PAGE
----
Also, I would say, Joey's analysis of how they're deliberating, I would concur with it. It looks like they're being pretty methodical because for them they have to think about self-defense obviously. And it might be a good sign for the prosecution that they're looking so intently at that because it may mean that, look, obviously there's a death here or shooting death. They may have already decided that they've met elements for some of those felonies and they need to really dive in and see if self-defense overcomes that or not.

MARQUARDT: Yes, Joey, I do want to ask you to sort of get inside the minds of these jurors because this is a complicated verdict sheet. You have these three defendants, nine counts for each defendant, three lesser charges for William Bryan. Each obviously had distinct roles in this killing. How do you think this jury is working through this very long list of charges?

JACKSON: You know, it's interesting -- great question, Alex -- because the prosecutor really laid out the narrative that she would want them to buy into. And when I say that, she was really a professor when she gave her closing argument as well as her rebuttal. And if you're looking at it, and you're a juror, from her perspective she went through the elements. Ladies and gentlemen, let me tell you what citizen's arrest means. Do you see a crime?

Right, to Shan's point, they're not looking at things leading up to this which leads me to conclude, you know, did they conclude that citizen's arrest was applicable here such that they're honing in on the specifics of self-defense? If they'd gotten to that part, then you're going to ask questions, at the time that there was this, you know, fatal shot, was there immediate fear of death or serious bodily injury?

Were the shots fired proportionate to any threat posed? Did in fact the defendant at that time act reasonably under those circumstances? And then, to your last point, Alex, to your level of complication, even if they make those conclusions, now they have to go back and say, well, wait a minute, he might have been in immediate fear at the time and he might have in fact acted proportionately. But wasn't he the aggressor? And didn't he provoked the attack? And

wasn't he engaged in other felonies such that we shouldn't give him self-defense? So a lot of questions to be asked if they're following those jury instructions, that of course we believe they're doing just that.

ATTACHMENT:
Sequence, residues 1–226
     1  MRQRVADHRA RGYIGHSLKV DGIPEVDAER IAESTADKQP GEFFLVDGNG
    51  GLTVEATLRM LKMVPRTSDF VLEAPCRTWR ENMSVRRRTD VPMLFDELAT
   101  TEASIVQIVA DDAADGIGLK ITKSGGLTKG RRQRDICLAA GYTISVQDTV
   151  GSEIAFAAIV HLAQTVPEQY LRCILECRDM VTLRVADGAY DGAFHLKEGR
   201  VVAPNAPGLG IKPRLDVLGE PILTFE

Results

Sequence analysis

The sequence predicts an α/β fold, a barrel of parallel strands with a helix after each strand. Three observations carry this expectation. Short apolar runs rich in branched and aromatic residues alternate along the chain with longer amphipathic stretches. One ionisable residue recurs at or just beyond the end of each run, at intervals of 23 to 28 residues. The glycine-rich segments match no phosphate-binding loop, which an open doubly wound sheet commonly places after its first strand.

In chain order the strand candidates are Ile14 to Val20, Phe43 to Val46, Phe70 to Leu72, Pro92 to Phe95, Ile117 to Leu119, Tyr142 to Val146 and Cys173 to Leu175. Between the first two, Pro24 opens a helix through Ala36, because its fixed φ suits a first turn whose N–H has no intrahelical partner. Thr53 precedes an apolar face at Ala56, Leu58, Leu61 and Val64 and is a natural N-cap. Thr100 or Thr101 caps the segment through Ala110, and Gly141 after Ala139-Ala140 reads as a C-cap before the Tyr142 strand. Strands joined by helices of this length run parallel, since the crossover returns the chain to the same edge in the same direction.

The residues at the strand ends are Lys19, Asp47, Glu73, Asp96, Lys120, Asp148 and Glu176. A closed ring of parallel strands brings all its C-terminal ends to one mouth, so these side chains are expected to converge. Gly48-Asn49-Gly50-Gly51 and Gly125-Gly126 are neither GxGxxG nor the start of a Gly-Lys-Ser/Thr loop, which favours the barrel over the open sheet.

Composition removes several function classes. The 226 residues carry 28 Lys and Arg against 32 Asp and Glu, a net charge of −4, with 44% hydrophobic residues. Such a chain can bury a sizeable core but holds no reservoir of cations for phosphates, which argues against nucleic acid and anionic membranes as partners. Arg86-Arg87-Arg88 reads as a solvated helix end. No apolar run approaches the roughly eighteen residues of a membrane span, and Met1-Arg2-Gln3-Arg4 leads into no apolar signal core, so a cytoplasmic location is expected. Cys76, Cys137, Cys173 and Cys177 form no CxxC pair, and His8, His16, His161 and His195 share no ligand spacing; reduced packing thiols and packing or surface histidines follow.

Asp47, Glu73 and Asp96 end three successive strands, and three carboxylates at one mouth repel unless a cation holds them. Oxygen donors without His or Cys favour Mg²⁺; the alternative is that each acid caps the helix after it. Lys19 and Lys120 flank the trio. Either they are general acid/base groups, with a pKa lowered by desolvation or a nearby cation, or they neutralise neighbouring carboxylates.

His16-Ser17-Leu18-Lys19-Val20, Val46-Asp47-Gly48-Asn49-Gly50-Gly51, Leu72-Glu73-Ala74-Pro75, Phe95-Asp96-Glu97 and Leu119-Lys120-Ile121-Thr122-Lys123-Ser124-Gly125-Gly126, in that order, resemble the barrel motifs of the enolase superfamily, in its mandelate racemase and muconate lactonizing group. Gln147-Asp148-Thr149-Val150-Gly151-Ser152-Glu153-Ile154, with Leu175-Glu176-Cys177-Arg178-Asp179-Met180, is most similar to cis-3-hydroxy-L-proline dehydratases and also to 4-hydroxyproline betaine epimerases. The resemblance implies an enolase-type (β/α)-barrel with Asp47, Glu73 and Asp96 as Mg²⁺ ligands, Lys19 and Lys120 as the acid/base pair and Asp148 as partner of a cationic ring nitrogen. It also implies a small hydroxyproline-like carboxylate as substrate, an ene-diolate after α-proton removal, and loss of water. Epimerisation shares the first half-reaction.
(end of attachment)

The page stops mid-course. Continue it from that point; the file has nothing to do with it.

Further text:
MARQUARDT: All right, gentlemen, we've got to leave it there.

Joey Jackson, Shan Wu, thank you so much for breaking that down. I know you'll be watching this very closely in these final hours or days of this trial.

JACKSON: Thanks, Alex.


MARQUARDT: And developing this morning, an 8-year-old boy is now the sixth person to die after an SUV plowed through a crowded Christmas parade in Wisconsin. The suspect, 39-year-old Darrell Brooks is being held on $5 million bail, he faces five counts of first-degree intentional homicide. More charges are expected.

CNN's Adrienne Broaddus is live in Waukesha, Wisconsin, with the latest.

Adrienne, what have you learned about this young victim, the sixth person to die in this horrific incident?

ADRIENNE BROADDUS, CNN CORRESPONDENT: Alex, that child was 8-year-old Jackson Sparks. According to a gofundme page, surgeons operated on his brain Sunday. And on that gofundme page, his family wrote they needed a miracle. But yesterday we learned Jackson was the sixth person to die. His brother is 12 years old and was also injured. His brother, Tucker, according to the family, has skull fractures but was expected to be released from the hospital this week.

We learned about Jackson's death on the same day 39-year-old Darrell Brooks was charged with five counts of first-degree intentional homicide. The charges will likely -- well, we know the charges will increase because of this sixth death. We also learned not 48 people were injured, but at least 62 people were injured. And the 39-year-old suspect Brooks, his bond was set at $5 million.

And the prosecuting attorney said it was extraordinarily high, but she spent about 10 minutes in court outlining Brooks' extensive criminal history, citing those concerns and those reasons for the high bond -- Alex.

MARQUARDT: All right. Well, our thoughts of course are with the families of that young boy and everybody else who's affected in that horrible tragedy.